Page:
Tibetan man in his 50s sets himself on fire near prayer hall


Wed, Oct 24, 2012 - Page 6

A Tibetan man in his 50s set himself on fire and died at a prominent monastery in northwestern China in the latest such protest against Chinese rule over the Himalayan region, a London-based rights group said.

Free Tibet said the man, identified as Dhondup, set fire to himself near a prayer hall at the remote Labrang Monastery in Gansu Province on Monday.

Xinhua news agency quoted a provincial government official as saying a 63-year-old herdsman set himself ablaze at the monastery at about 9am on Monday. The report did not give the man’s name or say whether he survived.

The monastery is one of the most important outside of Tibet and was the site of numerous protests by monks following deadly ethnic riots in Tibet in 2008 that were the most sustained Tibetan uprising against Chinese rule in decades.

Free Tibet said Monday’s self-immolation was the first to take place there and that there have been heavy restrictions in place in the area in recent months.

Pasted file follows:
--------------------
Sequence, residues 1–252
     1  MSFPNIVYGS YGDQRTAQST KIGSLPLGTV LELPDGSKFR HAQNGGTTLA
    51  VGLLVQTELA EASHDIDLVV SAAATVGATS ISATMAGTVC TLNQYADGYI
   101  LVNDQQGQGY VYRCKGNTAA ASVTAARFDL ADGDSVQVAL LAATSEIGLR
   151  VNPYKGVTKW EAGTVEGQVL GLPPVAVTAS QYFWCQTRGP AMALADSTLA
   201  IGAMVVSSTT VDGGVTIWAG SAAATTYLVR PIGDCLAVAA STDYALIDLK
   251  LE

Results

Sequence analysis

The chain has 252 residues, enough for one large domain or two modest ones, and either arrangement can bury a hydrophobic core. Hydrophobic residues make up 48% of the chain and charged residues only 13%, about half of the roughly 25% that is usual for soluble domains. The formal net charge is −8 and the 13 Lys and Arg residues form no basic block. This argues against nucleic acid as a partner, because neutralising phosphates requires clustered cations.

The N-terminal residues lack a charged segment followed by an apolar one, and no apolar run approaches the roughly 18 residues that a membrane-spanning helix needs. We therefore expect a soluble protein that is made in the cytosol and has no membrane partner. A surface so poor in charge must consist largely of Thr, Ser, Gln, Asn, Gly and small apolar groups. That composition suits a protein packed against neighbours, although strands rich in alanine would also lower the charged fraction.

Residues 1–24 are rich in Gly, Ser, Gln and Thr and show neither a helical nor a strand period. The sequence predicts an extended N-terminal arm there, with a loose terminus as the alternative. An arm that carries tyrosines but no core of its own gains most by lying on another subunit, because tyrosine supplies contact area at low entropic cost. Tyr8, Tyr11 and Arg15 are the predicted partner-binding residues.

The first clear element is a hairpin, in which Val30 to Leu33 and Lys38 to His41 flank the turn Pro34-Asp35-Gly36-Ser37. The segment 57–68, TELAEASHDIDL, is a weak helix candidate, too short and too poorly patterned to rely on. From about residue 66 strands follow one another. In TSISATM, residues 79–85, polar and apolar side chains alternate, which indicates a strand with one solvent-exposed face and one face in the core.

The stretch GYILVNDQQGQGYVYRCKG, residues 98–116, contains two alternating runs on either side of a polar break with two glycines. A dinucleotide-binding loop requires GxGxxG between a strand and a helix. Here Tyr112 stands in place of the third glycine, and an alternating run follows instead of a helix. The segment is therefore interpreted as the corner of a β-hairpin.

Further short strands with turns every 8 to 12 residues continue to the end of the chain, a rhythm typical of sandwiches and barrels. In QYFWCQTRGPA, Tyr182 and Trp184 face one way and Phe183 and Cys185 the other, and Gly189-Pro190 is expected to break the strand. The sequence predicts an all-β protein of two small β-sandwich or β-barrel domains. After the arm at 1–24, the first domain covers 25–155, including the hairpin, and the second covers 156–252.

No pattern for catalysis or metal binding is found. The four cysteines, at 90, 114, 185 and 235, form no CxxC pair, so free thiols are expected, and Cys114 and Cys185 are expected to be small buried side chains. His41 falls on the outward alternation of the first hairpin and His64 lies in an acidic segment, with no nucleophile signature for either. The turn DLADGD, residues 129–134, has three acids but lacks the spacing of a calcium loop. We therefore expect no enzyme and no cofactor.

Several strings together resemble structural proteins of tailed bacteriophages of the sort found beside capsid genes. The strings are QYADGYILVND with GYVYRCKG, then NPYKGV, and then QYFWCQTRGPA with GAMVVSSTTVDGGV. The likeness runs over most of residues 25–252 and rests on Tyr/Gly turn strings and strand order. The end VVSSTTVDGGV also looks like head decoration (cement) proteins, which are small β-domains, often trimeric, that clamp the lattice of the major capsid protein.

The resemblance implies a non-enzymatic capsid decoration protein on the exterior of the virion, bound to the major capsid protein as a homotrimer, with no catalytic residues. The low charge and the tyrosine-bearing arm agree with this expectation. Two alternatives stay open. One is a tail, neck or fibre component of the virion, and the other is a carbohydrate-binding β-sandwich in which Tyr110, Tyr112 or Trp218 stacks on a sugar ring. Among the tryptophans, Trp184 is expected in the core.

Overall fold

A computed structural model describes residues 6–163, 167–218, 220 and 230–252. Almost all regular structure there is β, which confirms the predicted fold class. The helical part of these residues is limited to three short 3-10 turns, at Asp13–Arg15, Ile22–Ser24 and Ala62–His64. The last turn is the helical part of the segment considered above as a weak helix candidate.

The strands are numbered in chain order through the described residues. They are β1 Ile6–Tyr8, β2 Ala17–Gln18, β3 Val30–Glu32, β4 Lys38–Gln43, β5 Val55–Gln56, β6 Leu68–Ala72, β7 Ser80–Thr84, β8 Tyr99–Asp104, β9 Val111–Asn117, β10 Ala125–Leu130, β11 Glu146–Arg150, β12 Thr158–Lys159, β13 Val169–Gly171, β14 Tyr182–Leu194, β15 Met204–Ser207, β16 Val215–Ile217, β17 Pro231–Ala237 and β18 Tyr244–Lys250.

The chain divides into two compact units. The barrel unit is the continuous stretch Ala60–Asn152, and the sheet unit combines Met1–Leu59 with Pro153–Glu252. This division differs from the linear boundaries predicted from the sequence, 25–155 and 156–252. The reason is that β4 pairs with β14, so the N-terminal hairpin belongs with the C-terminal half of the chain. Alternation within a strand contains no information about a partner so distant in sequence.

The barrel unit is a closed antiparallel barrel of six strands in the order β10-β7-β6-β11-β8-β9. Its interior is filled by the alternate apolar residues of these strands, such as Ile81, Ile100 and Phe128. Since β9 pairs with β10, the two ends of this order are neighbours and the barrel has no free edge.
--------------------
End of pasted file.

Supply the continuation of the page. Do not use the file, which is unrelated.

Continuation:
Citing a witness, it said the monastery manager and other monks prevented police from taking Dhondup’s body.

Dozens of Tibetans have set themselves on fire since March last year in ethnic Tibetan areas of China in protest over what activists say is Beijing’s heavy-handed rule in the region. Many have called for the return of their spiritual leader, the Dalai Lama.

Chinese authorities routinely deny Tibetan claims of repression and have accused supporters of the Dalai Lama of encouraging the self-immolations. The Dalai Lama and his representatives say they oppose all violence.

“Tibetan protests are escalating,” Free Tibet director Stephanie Brigden said in a statement. “Dhondup is the eighth Tibetan in the last month alone who has risked his life to protest Chinese rule — seven of the eight have died.”

She said the Chinese government should recognize that Tibetan demands for freedom cannot be extinguished by force and that it “must enter into meaningful dialogue with Tibetan representatives, supported by the international community.”